Deuteronomy 15:4 There will, however, be no one in need among you, because the LORD is sure to bless you in the land that the LORD your God is giving you as a possession to occupy.
This section of Deuteronomy discusses the economy in the Promised Land, the remission of debts every 7th year and the importance of giving to those in need. The expectation, as we see in our verse above, was for a people in which there would be no needy among them. Why? Because the Lord would bless them with abundance to share.
The abundance of the Lord was a communal concept rather than an individual one.
In some ways the economy described here in Deuteronomy, and the economy of the early church described in the book of Acts, sounds a lot like communism. Property belonged to everyone and was more centrally controlled. Of course, the communism of the 20th century was part of an ideology that rejected religion which may have been its undoing.
I wonder what might have happened had communism embraced Christianity and the direction of scripture rather than rejecting it. Would it have worked? I don’t know, but it’s an interesting thought.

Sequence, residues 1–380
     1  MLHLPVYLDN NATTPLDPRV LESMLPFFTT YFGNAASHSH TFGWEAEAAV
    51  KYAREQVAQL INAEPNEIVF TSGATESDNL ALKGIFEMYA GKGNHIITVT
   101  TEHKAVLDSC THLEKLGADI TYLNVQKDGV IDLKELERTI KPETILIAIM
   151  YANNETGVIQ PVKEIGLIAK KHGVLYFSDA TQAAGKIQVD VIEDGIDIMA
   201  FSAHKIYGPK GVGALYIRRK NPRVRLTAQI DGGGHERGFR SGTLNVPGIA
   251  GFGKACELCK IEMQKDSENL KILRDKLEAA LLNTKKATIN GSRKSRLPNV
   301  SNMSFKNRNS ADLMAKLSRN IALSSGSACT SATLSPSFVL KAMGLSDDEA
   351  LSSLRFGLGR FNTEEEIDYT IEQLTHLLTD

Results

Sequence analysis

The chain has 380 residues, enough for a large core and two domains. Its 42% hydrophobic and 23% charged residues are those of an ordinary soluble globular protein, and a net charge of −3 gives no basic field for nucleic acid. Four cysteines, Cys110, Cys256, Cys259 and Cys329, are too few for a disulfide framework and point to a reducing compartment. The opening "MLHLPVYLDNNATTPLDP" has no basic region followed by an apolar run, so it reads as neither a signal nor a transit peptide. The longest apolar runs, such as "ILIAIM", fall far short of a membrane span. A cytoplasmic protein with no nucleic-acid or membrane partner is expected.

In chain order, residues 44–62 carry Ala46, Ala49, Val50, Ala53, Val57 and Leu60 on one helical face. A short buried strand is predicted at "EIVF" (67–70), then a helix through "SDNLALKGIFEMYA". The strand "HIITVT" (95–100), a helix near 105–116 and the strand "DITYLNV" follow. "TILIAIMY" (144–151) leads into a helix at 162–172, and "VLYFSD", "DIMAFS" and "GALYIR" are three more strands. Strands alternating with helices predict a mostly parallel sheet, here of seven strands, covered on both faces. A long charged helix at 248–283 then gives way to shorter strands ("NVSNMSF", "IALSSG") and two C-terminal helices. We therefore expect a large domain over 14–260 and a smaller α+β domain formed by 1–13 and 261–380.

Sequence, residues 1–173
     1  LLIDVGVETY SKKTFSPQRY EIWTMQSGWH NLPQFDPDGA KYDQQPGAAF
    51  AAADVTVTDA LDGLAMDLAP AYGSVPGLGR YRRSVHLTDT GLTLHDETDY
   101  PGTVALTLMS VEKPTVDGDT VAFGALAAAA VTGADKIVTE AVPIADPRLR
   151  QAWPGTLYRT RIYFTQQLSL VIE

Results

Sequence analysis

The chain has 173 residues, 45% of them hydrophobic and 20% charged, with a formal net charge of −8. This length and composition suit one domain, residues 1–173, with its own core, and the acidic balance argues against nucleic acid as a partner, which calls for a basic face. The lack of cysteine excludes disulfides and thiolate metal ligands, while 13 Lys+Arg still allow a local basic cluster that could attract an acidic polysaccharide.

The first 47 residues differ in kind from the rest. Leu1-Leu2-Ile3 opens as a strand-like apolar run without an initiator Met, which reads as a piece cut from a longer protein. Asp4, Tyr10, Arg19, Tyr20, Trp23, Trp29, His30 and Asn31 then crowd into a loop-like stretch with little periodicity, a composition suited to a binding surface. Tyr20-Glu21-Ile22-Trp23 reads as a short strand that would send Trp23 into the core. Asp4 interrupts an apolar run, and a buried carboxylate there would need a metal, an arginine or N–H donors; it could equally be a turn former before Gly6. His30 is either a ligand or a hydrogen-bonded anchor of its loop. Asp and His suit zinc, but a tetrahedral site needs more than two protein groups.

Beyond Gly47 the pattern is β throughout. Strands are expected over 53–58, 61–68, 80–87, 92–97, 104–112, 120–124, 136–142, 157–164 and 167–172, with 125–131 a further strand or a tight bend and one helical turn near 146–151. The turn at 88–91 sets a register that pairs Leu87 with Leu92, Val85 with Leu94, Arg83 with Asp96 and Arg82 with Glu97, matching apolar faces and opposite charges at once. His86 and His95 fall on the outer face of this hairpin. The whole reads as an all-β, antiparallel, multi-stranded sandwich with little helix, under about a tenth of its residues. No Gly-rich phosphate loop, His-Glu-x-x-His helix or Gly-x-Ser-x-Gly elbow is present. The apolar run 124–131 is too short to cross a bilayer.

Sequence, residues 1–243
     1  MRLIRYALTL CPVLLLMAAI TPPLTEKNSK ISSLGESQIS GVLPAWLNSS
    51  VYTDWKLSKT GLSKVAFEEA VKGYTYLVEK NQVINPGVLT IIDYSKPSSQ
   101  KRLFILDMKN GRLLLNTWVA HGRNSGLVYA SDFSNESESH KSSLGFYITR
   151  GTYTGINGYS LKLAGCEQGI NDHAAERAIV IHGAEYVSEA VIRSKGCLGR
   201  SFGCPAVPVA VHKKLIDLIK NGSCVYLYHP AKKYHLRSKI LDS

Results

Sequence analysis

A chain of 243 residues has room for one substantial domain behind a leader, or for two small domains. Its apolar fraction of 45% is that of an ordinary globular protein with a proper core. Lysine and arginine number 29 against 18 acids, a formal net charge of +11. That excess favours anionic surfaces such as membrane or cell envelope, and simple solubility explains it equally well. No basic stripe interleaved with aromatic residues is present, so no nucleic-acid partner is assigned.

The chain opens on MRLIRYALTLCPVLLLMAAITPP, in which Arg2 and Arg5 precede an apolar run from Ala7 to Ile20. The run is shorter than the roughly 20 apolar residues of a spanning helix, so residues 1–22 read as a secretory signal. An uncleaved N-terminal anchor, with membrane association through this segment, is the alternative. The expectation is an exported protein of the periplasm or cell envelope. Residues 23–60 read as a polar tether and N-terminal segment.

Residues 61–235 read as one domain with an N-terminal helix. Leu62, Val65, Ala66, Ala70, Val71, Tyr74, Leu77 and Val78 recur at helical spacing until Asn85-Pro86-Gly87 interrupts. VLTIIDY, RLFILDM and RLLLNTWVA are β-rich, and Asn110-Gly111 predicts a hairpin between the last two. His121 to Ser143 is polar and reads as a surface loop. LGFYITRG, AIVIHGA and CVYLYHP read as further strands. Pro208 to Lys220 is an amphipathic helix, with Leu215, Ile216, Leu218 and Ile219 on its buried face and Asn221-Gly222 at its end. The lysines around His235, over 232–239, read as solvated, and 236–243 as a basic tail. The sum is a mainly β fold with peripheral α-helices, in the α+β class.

Lord you are an abundant God, giving liberally to your children. Give us grace to give liberally to others in return. We ask this in Jesus’ name. Amen.
2 thoughts on “Christian communism?”
A big part of the problem was that it soon became a cult of personality, first around Lenin, then around Josef Stalin.
It would indeed have been interesting if they’d put the personality of Jesus Christ as their focal point. The only modern, functional expression of such a society that comes to my mind is Koinonia Farm in Americus, Georgia.
You need to read Adam Smith. Communism can’t work (even if it accepted God) because man is corrupt. Capitalism allows us to share more wealth than communism ever could.